Many auto accidents are caused by defective vehicles. In some cases a vehicle becomes defective due to an owner’s modifications or failure to properly maintain the vehicle. More often vehicle defects originate with manufacturers and fall under the legal category of product liability.
Vehicle defects can make an auto more likely to crash, or they can increase the likelihood and severity of injuries in the event of an accident.
Brake systems are complex and can fail for many reasons including improper installation and design flaws. Hydraulic lines, discs, rotors, and calipers are just some of the parts that can fail. Defects in the brake system may not be noticeable until the brakes fail suddenly, causing a serious accident.
Acceleration defects can cause spontaneous acceleration while the vehicle is in motion or while it is at a complete stop. When in motion, the vehicle suddenly speeds up on its own. When at a stop, the vehicle suddenly accelerates and launches forward or in reverse.
Only three percent of auto accidents are rollovers, but they account for over 30% of all fatal accidents. Most rollovers are single vehicle accidents. Under the right conditions, any vehicle can roll, but without design flaws or other defects it takes very extreme conditions.
- Design flaw — A high center of gravity makes a vehicle much more likely to roll. Due to their high center of gravity, SUVs are the most likely to roll, followed by minivans and pick-up trucks. As passengers are added to the vehicle, the vehicles become more top heavy making them even more dangerous.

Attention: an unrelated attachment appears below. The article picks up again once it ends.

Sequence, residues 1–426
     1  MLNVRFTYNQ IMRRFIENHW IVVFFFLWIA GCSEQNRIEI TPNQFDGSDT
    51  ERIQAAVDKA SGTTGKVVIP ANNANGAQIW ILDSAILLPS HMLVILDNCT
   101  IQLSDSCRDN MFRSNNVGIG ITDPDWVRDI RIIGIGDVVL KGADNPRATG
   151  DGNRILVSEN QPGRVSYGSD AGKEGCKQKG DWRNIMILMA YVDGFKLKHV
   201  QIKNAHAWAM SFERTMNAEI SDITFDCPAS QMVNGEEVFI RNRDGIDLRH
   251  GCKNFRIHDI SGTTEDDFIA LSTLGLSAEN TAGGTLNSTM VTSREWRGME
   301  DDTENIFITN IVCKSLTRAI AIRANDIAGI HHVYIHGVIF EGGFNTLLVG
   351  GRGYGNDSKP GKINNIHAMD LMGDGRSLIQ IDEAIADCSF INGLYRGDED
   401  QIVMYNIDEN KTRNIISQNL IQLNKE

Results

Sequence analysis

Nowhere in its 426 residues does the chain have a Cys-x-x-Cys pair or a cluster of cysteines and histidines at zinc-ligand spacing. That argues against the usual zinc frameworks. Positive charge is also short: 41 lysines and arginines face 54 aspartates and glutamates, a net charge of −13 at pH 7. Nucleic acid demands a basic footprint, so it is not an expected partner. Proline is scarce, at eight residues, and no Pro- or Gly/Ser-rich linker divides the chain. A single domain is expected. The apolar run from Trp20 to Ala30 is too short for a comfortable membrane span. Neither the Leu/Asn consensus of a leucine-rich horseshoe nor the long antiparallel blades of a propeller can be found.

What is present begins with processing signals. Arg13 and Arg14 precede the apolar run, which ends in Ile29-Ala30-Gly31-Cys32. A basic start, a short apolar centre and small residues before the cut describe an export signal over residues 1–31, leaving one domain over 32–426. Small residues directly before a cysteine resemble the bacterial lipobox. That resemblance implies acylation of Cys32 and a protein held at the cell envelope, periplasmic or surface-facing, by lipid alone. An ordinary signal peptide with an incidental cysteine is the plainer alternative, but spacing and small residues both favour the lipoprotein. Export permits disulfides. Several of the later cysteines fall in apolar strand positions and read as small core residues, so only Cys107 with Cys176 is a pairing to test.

- Faulty tires — Tires which fail can also trigger a rollover. Defective tires, such as those recalled by Bridgestone in 2000 and 2001, can fail suddenly causing a rollover during normal driving conditions.
Defects affecting crashworthiness can make the injuries caused by a rollover more severe. Roof crush is a common result of rollover accidents, and it occurs due to design flaws.
Crashworthiness refers to a vehicle’s ability to protect occupants in the event of a crash. Defects which affect a vehicle’s crashworthiness do not increase the risk of having an accident, but cause more harm in the event of a crash.
- Roof crush — Inadequate roof crush resistance allows the roof of the vehicle to enter the occupied space, usually during a rollover. This is often cause by hollow roof pillars.
- Seat belts — Latch failure, slack in the belt, and belts which apply force in a direction that causes secondary impact can cause worse injuries than the crash itself.
- Air bags — Air bags which fail to deploy in the event of a crash or deploy with too much force can cause serious injuries. Airbags which deploy when no crash has occurred can cause accidents.
- Fuel-fed fire — Fuel tanks which are poorly designed or poorly placed can explode during an accident. Defective or poorly designed fuel systems can cause gas leaks leading to fires.
- Door latches — When a door comes open during a crash, vehicle occupants can be ejected causing serious injuries or death in an accident that might otherwise have cause only minor injuries or no injuries at all.
- Seats — Seats which crumple during a rear end collision can cause serious injuries or death. Other seat defects include poorly designed or defective adjusters, backs, anchors, and headrests
If you or a family member has been seriously injured in an auto accident caused by a defective vehicle in Denver, Colorado or anywhere in the Rocky Mountain region, you will need an experienced defective vehicle auto accident lawyer to represent you. Burg Simpson has the experience, and the resources, to ensure that you can recover the damages you deserve for your injuries and your losses. Please contact our auto accident lawyers today to schedule your free personal consultation.